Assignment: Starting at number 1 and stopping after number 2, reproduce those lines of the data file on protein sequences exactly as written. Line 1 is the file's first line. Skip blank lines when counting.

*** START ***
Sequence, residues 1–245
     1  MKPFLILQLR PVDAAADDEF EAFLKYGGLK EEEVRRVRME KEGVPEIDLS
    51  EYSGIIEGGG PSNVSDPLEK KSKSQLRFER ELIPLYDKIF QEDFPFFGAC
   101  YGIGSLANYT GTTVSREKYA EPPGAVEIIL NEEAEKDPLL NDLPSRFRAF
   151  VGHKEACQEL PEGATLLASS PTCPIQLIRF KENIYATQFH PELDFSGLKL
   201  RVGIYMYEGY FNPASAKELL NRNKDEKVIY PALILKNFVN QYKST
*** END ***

Sequence, residues 1–245
     1  MKPFLILQLR PVDAAADDEF EAFLKYGGLK EEEVRRVRME KEGVPEIDLS